Kinetics of liquid–liquid phase separation in protein solutions exhibiting LCST phase behavior studied by time-resolved USAXS and VSANS†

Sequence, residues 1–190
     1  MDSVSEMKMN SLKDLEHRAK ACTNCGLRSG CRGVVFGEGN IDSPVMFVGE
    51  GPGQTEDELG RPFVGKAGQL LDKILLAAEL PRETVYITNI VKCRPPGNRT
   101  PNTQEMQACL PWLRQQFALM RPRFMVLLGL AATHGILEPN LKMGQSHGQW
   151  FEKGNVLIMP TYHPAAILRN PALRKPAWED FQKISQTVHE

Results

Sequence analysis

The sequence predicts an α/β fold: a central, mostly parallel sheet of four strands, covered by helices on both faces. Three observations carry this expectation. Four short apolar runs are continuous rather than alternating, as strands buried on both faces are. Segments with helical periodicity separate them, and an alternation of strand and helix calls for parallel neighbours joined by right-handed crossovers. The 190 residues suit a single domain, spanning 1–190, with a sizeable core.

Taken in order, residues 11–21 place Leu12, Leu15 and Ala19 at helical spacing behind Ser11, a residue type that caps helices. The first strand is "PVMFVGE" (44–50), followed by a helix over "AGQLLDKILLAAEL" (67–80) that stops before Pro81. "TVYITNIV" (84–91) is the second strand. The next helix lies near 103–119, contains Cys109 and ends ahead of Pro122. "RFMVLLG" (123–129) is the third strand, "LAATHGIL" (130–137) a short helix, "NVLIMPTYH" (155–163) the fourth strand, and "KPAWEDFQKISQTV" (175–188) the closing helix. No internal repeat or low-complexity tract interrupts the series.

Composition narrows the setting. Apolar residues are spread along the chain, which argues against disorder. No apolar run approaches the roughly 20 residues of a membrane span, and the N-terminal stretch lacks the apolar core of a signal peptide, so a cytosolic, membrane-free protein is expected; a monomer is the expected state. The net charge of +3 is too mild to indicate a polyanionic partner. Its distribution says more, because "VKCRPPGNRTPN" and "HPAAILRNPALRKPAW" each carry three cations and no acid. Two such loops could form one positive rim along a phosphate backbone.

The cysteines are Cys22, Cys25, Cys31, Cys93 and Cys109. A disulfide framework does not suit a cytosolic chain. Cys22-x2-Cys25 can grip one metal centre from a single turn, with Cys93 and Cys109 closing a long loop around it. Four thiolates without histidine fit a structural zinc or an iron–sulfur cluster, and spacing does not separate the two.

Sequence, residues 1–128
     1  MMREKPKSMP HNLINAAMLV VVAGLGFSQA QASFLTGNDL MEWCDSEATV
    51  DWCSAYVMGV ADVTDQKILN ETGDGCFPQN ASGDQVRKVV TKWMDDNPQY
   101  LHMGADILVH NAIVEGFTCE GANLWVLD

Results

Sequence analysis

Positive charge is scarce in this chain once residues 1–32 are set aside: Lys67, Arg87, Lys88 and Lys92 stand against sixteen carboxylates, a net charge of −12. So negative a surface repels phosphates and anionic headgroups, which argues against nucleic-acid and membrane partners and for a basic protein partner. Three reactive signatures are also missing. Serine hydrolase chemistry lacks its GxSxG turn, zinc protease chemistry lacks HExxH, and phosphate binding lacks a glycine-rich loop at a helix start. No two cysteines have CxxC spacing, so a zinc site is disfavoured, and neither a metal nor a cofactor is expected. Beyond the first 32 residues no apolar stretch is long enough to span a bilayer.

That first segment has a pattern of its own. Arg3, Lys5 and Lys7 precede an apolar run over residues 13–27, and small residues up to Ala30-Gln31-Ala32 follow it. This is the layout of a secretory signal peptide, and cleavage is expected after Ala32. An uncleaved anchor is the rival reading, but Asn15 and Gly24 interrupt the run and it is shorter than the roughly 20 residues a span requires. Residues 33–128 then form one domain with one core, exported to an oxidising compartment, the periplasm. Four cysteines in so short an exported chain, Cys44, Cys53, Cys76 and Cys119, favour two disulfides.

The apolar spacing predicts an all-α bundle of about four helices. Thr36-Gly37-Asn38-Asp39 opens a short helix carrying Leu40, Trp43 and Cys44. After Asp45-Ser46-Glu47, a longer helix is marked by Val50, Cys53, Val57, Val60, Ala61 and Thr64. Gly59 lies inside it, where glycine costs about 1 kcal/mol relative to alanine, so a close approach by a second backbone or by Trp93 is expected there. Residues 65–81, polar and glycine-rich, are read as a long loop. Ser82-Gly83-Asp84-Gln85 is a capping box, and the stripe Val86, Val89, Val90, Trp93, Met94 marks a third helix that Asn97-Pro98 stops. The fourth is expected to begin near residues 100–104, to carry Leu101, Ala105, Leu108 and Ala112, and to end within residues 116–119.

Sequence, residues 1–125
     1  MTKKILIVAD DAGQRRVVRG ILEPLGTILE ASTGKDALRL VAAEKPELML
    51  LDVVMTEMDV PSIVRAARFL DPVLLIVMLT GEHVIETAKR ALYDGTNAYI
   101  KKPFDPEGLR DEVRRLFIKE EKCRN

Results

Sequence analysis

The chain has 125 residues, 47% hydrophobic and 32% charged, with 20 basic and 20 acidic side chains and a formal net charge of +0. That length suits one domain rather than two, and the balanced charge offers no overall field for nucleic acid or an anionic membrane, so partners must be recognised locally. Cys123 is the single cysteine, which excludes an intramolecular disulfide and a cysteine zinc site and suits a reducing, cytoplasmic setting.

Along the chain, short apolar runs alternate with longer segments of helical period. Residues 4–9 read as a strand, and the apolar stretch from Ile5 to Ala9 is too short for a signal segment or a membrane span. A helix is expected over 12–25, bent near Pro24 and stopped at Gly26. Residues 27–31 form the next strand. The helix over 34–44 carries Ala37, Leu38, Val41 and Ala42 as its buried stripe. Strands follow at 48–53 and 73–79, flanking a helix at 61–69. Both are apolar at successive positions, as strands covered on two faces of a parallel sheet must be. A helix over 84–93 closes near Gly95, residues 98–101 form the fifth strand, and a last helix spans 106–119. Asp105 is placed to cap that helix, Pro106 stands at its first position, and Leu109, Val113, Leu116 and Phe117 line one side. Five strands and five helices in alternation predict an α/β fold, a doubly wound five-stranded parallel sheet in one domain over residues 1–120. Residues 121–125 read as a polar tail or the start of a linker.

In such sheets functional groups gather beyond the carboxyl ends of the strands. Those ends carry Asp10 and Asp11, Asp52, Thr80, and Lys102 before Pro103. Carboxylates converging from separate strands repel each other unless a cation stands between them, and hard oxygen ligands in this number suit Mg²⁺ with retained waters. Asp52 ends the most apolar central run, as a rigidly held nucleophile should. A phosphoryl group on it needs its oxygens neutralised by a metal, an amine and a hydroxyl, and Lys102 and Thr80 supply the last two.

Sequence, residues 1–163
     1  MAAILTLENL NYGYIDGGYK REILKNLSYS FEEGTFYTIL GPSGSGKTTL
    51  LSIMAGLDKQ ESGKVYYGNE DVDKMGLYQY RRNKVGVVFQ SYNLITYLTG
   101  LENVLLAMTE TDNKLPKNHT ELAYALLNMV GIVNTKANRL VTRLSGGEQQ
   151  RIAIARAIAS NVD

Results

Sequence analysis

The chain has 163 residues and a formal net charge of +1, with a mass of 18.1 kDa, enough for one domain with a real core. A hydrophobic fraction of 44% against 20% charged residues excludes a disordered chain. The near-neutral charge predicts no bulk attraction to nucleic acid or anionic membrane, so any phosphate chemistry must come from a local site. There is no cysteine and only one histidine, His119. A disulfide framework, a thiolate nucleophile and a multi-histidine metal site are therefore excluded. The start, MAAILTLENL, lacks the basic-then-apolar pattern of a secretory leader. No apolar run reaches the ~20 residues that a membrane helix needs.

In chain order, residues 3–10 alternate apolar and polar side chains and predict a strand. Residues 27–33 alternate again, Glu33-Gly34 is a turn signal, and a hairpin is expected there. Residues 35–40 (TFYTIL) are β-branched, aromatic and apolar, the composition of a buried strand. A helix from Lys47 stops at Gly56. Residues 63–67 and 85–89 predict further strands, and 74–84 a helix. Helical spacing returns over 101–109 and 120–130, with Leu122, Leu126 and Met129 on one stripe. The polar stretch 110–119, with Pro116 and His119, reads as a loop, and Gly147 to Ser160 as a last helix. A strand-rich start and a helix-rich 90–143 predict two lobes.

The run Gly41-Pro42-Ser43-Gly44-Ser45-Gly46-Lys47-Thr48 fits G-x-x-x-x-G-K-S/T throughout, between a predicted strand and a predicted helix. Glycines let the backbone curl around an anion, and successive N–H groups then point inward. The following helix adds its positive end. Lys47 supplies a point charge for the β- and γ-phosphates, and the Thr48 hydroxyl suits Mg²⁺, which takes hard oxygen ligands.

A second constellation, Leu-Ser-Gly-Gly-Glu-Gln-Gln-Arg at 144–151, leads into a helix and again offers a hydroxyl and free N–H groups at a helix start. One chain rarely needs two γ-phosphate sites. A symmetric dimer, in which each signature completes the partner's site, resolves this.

We study the kinetics of the liquid–liquid phase separation (LLPS) and its arrest in protein solutions exhibiting a lower critical solution temperature (LCST) phase behavior using the combination of ultra-small angle X-ray scattering (USAXS) and very-small angle neutron scattering (VSANS). We employ a previously established model system consisting of bovine serum albumin (BSA) solutions with YCl3. We follow the phase transition from sub-second to 104 s upon an off-critical temperature jump. After a temperature jump, the USAXS profiles exhibit a peak that grows in intensity and shifts to lower q values with time. Below 45 °C, the characteristic length scale (ξ) obtained from this scattering peak increases with time with a power of about 1/3 for different sample compositions. This is in good agreement with the theoretical prediction for the intermediate stage of spinodal decomposition where the growth is driven by interface tension. Above 45 °C, ξ follows initially the 1/3 power law growth, then undergoes a significant slowdown, and an arrested state is reached below the denaturation temperature of the protein. This growth kinetics may indicate that the final composition of the protein-rich phase is located close to the high density branch of the LLPS binodal when a kinetically arrested state is reached.